We all know that reading is one of my big things. I love to read, it is my passion, my hobby some would say my addiction. I have a fundamental faith that if my boys can learn to read, and read well the rest of their education will be reachable, reading is, to me, the key to everything. So there is surprise that as I travel the web anything reading, and learning to read, related pips my interest.
I read this blog post today and at first I was concerned:
Children with ‘increased risk’ of learning disabilities frequently share one or more of these characteristics:
- A mother, father, sister or brother with an Autistic Spectrum Disorders, ADHD, or Learning Disability
- Low birth weight, defined as a weight less than 2500 grams or 5.5 pounds
- Delayed speech—failure to combine two or more words into short phrases by 24 months of age
- A diagnosis of ADHD
Well Big Brother is 3 for 4 and his Speech Delay was / is “profound”. Great, I am thinking, another thing to worry about.
Then ahhh then, I kept reading:
As preschoolers, children at ‘increased risk’ have trouble:
- “Reading”—really recognizing—signs like Coke, McDonalds and other frequently occurring printed words
- Recognizing parts of books such as the cover, title
- Recognizing letters of his or her own name
- Quickly retrieving words, measured by asking a child to rapidly name a category such as “animals”
So I felt better, Big Brother is a bit challenged at rhyming but that has improved so much this past summer, that I do not feel like he “checks off any” of these 5 area of “extra concern”. So that is better, or at least neutral.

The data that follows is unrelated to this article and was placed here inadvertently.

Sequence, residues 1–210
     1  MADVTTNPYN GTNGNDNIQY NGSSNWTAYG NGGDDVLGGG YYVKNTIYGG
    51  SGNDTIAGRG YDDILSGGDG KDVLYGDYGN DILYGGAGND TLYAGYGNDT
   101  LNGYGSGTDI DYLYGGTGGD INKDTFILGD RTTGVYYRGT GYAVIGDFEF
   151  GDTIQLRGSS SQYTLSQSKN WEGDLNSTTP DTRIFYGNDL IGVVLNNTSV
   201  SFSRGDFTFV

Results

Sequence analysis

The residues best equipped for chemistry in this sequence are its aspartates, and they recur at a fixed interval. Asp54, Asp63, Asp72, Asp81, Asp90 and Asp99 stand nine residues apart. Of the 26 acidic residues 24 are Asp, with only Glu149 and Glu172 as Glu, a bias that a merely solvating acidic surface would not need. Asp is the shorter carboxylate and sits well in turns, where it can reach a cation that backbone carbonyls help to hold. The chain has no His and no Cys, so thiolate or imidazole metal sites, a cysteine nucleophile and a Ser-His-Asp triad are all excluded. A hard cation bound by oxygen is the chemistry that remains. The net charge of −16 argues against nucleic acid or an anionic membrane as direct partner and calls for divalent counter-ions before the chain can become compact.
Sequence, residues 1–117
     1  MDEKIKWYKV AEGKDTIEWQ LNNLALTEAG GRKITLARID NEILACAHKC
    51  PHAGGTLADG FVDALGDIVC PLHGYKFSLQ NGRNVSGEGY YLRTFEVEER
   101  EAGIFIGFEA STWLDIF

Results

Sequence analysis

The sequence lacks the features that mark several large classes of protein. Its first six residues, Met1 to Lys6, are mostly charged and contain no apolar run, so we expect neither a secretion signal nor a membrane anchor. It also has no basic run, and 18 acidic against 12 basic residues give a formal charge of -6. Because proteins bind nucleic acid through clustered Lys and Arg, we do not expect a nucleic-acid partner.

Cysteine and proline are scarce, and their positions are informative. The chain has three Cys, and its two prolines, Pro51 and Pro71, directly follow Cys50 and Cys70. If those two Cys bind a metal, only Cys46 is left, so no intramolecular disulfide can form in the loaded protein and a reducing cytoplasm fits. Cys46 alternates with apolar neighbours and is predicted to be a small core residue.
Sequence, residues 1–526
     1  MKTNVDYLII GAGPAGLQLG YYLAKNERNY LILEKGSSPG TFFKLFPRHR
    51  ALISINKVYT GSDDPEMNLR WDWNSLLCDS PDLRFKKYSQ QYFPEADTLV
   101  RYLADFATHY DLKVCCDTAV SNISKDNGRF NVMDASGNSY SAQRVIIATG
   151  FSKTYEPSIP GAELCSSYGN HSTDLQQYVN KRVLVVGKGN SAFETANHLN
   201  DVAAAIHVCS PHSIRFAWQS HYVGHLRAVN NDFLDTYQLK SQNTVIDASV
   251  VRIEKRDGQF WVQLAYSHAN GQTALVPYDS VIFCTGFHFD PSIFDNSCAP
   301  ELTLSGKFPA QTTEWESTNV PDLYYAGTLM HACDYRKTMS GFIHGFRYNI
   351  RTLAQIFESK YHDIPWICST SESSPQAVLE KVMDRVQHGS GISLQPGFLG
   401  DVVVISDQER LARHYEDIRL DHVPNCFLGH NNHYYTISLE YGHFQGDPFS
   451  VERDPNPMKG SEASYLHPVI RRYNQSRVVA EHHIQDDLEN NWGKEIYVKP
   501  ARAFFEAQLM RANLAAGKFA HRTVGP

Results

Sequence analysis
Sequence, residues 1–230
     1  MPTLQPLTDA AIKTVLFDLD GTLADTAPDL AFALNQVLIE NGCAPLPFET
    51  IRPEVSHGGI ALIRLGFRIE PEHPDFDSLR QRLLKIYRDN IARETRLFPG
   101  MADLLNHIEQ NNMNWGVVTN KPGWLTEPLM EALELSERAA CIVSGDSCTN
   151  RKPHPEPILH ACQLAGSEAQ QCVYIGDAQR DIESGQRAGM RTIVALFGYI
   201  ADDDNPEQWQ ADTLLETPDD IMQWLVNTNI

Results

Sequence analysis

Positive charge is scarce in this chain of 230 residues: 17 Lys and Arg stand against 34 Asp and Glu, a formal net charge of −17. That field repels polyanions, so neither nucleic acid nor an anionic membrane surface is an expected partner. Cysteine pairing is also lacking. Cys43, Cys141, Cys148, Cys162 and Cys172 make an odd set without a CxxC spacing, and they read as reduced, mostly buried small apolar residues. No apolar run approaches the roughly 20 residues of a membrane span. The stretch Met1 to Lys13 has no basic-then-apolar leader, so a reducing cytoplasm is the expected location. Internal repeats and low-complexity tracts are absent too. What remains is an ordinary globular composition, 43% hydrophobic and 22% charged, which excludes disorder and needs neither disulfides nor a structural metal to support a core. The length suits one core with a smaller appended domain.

Then I continued reading and again was built up that our parenting ins the best for the boys. I know in my heart we are doing the best we can for them, but outside reinforcement never fails to make me smile.
If we know this then ‘What about prevention?’
Many of the home-based interventions that can reduce the risk of learning disabilities, especially reading disabilities, are parenting habits that apply to all children.
The common element of all home—based interventions is the systematic exposure of children to rich, engaging, and expressive language. The best example of this is shared reading.
‘Shared Reading’, is when parents read to their children, and through this activity, books take on an added dimension of parental love and affection. Children hear models of reading that are more accurate and more advanced than their own.
They begin to associate letters with sounds and words with meaning. Using books with predictable rhyme patterns and simple rhythms, such as the Dr. Seuss books, teaches the acceptable and common sound system of our language.
Old fashioned entertainment, based on interaction between adults and children rather than video, fulfills a similar purpose. Telling stories about family history, sharing folk tales you learned as a child, playing word games such as 20-questions or I-Spy are ways parents teach their preschool “language apprentices.”
Apprentices need teachers who listen well and listen patiently, and who can demonstrate good conversational skills such as taking turns speaking without interrupting.
Helping children to play creatively, with other children, and with their imaginations is the oldest form of language and social skill training.
Ahhh well that describes our home. Reading, reading and more reading. Telling stories, and creative play; and lots of conservations. Inwardly I breathe a sigh of relief.
Granted I won’t be surprised if we face learning challenges with either boy, but especially Big Brother – indeed we are already seeing that and addressing that in his IEP. Nevertheless I continually have the reassurance I am proving the most solid “early childhood” I can for their academic future.
Every parent likes a little reassurance here and there. 🙂